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New trial at UW uses “heart in a box” to transport heart transplants farther to waiting donors

Posted Monday, October 12, 2015 by Tyler Goldberg-Hoss

Recently the University of Washington was one of seven heart transplant surgery sites selected to conduct a clinical trial of the Organ Care System (a/k/a OSC or “heart-in-a-box”). The OSC is a dishwasher sized, battery powered unit that works to keep a heart viable longer.

Before this clinical trial, ordinary picnic coolers with ice were used to get such transplants from the deceased donors to waiting recipients. This gave transporters only 4 hours to get it to the OR or the heart wouldn’t be useable.

Hopefully, the OCS will change that. Instead of cooling the heart, the machine works by pumping near body temperature blood and preservatives into the hearts, keeping the organ functioning. This allows more time to get the heart to the OR and the waiting patient. So far, the longest OSC has successfully preserved and transported a heart was 11 hours.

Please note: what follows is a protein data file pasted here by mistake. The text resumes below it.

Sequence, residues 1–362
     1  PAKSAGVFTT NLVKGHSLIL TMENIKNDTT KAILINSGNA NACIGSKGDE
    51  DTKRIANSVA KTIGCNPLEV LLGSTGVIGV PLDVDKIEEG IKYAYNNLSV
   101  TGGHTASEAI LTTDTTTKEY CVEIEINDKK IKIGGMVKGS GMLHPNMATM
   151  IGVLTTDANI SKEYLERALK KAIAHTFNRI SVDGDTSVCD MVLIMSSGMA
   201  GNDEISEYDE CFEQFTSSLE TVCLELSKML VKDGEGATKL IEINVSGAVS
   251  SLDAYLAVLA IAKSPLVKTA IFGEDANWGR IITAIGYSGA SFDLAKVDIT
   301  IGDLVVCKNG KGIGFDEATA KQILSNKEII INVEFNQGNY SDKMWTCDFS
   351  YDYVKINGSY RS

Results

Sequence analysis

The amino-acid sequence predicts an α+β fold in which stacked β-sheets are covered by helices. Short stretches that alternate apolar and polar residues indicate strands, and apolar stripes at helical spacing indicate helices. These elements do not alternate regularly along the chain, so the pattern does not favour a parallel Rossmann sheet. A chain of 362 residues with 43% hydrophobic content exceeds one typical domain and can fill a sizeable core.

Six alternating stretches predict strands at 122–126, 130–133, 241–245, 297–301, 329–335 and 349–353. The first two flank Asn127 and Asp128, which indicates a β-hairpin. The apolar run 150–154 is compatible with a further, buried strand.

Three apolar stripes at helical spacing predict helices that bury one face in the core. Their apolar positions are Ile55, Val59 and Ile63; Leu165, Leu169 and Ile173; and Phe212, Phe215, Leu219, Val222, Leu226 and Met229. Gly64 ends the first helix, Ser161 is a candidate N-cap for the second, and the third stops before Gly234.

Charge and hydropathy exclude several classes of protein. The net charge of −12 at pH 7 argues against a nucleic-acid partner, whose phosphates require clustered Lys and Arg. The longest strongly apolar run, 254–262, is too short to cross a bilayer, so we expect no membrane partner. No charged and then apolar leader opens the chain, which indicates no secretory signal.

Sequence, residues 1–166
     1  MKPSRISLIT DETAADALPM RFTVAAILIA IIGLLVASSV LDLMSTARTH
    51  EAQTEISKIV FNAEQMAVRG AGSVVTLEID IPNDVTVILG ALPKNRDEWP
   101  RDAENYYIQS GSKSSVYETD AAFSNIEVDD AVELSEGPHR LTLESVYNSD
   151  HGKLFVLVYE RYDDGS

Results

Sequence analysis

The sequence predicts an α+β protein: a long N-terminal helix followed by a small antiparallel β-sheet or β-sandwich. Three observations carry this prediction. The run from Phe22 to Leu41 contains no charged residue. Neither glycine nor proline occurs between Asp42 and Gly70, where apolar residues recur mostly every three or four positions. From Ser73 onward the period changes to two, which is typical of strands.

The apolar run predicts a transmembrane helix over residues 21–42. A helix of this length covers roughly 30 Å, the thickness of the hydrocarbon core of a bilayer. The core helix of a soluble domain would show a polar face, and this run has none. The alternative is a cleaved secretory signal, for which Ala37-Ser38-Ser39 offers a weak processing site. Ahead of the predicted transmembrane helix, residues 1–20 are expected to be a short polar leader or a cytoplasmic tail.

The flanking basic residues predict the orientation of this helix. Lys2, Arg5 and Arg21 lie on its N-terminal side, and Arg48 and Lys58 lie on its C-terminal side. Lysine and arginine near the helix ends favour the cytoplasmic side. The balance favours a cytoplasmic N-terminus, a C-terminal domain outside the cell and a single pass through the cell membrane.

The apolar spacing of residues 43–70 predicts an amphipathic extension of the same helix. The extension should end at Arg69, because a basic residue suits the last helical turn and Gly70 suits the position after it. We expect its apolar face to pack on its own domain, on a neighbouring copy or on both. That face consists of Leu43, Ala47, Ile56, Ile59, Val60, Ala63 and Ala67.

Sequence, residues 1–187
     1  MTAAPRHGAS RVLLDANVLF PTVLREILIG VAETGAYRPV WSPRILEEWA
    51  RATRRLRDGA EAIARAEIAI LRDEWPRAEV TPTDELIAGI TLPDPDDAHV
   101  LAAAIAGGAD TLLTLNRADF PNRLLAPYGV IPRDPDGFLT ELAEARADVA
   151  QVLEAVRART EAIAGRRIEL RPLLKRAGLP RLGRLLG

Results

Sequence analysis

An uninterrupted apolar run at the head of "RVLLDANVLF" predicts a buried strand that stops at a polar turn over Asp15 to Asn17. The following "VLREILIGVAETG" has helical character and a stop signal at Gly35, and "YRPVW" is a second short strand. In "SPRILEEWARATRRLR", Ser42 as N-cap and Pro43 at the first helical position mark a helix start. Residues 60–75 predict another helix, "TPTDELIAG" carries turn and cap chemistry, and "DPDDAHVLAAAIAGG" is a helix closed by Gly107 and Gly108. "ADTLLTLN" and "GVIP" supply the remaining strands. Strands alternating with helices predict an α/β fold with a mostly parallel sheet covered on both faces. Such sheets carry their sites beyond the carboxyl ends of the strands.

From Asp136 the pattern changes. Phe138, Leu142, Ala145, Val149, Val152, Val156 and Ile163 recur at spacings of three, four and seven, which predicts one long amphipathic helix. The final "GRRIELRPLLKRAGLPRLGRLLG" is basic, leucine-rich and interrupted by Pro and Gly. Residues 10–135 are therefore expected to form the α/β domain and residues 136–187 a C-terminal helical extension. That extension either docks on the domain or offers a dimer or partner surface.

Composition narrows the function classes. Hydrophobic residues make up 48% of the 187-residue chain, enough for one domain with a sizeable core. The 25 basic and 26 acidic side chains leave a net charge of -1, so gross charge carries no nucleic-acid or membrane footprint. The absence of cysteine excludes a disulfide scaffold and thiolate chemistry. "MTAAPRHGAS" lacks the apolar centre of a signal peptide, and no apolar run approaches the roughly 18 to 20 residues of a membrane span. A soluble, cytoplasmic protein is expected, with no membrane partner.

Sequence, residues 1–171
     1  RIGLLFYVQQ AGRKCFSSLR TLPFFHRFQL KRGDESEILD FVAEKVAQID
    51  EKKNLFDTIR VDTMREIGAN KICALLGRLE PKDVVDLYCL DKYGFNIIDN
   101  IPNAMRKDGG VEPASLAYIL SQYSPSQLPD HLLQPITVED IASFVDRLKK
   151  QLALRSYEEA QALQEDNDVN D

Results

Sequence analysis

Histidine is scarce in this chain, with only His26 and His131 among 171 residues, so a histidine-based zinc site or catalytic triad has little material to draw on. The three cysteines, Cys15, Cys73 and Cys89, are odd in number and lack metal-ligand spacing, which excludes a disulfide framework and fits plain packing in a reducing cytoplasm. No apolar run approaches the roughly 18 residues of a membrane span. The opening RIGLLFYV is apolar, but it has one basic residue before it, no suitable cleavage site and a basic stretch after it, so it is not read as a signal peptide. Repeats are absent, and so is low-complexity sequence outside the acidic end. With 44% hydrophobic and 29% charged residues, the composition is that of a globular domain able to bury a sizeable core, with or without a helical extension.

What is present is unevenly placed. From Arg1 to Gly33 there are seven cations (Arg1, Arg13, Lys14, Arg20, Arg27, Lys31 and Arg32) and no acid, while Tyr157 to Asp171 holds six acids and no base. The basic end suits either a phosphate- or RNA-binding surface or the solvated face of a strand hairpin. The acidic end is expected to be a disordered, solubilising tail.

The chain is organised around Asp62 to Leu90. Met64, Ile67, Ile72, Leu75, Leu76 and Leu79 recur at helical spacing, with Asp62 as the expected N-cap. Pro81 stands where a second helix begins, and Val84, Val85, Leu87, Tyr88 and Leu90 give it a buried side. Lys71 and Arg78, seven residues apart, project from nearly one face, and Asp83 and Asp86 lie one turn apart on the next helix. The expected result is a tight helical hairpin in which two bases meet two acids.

This has ramifications for patients waiting for heart transplants. Last year nearly 400 people nationally – and 94 in Washington State – died waiting for a heart transplant. With this increased time available to transport hearts, the UW has greater access to potential transplants. With this new technology, they can get hearts from as far away as Florida or the rest of the East Coast, or Hawaii, where due to the lack of heart transplant services there, otherwise useable hearts have been going to waste.

You can read more about OSC and the trial at UW here (including a short video showing the heart beating inside the OSC):

UW doctors test ‘heart in a box’ to boost scarce transplants

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